Lemon Law in California
The Song-Beverly Consumer Warranty Act, sometimes known as the California Lemon Law, is meant to protect customers who have bought or leased a car with problems that the dealerships have been unable to repair. When a vehicle is covered by a manufacturer’s original or Certified Pre-Owned warranty and cannot be fixed after a “reasonable number” of efforts, the customer may be entitled to a refund or a similar replacement.
How can I tell whether my car is a lemon?
California’s lemon law is one of the most robust consumer protection laws in the country, giving customers considerable legal safeguards. If your car has been in the shop an excessive amount of times for warranty problems, is not of comparable quality to other vehicles, or has had its value, usability, or safety compromised as a result of flaws, it is likely a lemon. Manufacturers must replace or repurchase automobiles in California if they are unable to fix them after a reasonable number of efforts. If the issue cannot be fixed within a reasonable amount of time, the manufacturer must either repair the car or refund your money.
When a manufacturer fails to fulfill its legal responsibilities of repurchasing or replacing a car (which they often do), they may be obliged to pay civil fines, which are extra damages. CCA’s experienced lemon litigation lawyers often collect such fines from the vehicle’s manufacturer, in addition to what our clients paid for their automobiles.
Because of California’s robust consumer safeguards, automakers are required to keep their warranties – whether you bought your car new or secondhand. Although you must give the manufacturer a “reasonable” number of repair efforts before filing a lemon law claim, the legislation does not define how many repair attempts are appropriate. The California courts have determined that just two efforts are required.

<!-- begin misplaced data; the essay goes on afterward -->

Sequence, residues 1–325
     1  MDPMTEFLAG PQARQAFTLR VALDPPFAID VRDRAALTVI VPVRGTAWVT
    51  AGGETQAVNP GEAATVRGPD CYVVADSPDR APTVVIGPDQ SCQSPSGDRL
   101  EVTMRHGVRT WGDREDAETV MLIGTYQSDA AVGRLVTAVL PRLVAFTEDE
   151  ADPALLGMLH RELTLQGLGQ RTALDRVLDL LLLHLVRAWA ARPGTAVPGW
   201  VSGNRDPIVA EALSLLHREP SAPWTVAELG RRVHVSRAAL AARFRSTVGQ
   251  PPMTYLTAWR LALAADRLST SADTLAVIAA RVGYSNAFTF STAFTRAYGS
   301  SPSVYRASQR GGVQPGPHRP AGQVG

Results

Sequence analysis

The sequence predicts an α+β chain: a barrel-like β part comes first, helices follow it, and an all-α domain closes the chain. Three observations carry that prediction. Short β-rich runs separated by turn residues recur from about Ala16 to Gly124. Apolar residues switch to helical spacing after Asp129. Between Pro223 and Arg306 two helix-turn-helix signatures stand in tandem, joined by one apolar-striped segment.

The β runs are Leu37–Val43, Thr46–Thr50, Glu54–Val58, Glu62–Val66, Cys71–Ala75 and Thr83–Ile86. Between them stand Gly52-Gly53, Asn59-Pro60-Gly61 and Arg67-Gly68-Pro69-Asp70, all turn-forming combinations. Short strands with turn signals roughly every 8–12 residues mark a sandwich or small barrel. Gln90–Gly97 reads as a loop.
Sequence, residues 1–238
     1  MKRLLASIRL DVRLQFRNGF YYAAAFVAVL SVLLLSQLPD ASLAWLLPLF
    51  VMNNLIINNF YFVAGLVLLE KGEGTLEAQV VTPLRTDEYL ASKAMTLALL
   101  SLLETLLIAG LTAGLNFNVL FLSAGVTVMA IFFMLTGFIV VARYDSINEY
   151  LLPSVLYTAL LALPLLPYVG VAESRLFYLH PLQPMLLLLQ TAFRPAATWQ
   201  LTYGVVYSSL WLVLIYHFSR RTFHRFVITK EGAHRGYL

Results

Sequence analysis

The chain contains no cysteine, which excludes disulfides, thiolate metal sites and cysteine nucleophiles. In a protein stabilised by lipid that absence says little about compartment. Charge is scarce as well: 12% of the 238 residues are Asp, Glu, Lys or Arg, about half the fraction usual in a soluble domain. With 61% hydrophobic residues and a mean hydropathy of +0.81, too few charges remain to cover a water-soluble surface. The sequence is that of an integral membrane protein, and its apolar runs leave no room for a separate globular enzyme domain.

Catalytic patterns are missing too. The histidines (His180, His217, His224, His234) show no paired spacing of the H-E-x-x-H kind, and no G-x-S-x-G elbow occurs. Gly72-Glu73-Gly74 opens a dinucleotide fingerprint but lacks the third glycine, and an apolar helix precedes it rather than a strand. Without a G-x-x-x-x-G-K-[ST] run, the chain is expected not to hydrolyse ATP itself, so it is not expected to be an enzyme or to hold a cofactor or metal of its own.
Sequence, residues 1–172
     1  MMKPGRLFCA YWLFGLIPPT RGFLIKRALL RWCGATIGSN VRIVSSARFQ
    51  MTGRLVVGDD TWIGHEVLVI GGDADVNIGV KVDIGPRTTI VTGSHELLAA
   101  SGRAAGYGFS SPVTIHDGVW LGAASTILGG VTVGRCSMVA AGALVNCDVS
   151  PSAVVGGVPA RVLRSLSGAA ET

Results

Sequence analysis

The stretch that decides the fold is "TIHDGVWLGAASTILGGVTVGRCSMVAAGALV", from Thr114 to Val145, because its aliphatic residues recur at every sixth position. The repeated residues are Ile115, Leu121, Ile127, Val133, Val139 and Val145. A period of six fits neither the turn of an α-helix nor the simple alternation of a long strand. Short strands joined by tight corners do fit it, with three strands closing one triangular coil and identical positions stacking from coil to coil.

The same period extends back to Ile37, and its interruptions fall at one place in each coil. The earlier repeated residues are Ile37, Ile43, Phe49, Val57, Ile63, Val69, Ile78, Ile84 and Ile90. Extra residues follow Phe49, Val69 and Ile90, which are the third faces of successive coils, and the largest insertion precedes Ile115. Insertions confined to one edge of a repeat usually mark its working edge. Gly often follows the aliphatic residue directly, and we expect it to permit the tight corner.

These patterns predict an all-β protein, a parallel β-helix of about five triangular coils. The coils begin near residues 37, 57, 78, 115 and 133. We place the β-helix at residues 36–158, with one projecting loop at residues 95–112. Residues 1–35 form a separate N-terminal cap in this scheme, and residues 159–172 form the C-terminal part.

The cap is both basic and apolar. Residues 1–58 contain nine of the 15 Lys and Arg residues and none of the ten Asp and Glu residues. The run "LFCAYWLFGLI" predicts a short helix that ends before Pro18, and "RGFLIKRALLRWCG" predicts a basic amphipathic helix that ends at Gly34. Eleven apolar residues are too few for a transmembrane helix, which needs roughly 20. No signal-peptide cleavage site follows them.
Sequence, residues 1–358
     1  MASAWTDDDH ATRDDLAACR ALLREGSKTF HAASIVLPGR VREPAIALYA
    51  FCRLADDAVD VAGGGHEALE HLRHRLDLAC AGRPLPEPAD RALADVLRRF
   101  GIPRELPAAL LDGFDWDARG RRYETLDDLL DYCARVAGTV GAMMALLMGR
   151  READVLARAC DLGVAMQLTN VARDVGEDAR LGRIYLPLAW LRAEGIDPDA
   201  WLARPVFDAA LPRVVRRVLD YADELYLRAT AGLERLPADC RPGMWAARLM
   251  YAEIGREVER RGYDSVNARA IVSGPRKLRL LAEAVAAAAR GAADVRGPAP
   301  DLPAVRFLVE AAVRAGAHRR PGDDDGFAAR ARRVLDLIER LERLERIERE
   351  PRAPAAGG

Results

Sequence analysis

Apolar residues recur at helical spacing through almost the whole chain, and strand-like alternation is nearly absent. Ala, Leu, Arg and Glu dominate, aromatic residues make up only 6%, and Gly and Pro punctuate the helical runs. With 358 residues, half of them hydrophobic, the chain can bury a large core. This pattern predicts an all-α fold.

CCA’s experienced lemon law lawyers often get civil penalties from the vehicle’s manufacturer, in addition to what our clients paid for their automobiles.
In addition, the vehicle must have been submitted for one or more considerably impairing defects – that is, the problem must be a significant hindrance to the vehicle’s usage, value, or safety. (For example, if just one light bulb in your glove box fails, it is unlikely to qualify.) If, on the other hand, your automobile won’t start, you’ll almost certainly be eligible). Under some cases, however, if the vehicle has a potentially life-threatening safety flaw (e.g., broken brakes), the manufacturer is only allowed two efforts to rectify the issue. If your car has been out of operation for 30 days or longer, you may be eligible for a lemon law claim. Please contact us at (833)LEMON-FIRM for a free consultation, and one of our experts will promptly assess whether or not your car qualifies — at no cost to you.
Getting a Replacement Automobile California’s Lemon Law protects consumers.
Under California’s Lemon Law, if you bought or leased a damaged car that is still under warranty, you may choose whether you want the manufacturer to repair the vehicle or buy it and give you compensation. If you choose for a replacement car, the manufacturer must provide you with “a new motor vehicle substantially equivalent to the vehicle replaced,” according to the legislation. In addition, the statute states:
“All explicit and implied guarantees that generally accompany new motor vehicles of that kind shall apply to the replacement vehicle.” The manufacturer shall also pay for or to the buyer any sales or use tax, license fees, registration fees, and other official fees that the buyer is obligated to pay in connection with the replacement, as well as any incidental damages to which the buyer is entitled, including, but not limited to, reasonable repair, towing, and rental car costs actually incurred by the buyer.”
Recovering Damages Under California’s Lemon Law
If you do not want a new car, the manufacturer must make reparation in accordance with the Lemon Law’s requirements. This implies that the manufacturer is obligated to reimburse you,
The Lemon Law in California differs from the Lemon Law in many other states. Consumers in California are not required to submit a Lemon Law claim to arbitration, as in other states. Furthermore, the California Lemon Law does not impose a limit on the number of repair efforts that an automobile owner or lessee must make before filing a claim, nor does it limit remedies to faults that arise within a certain time or mileage period.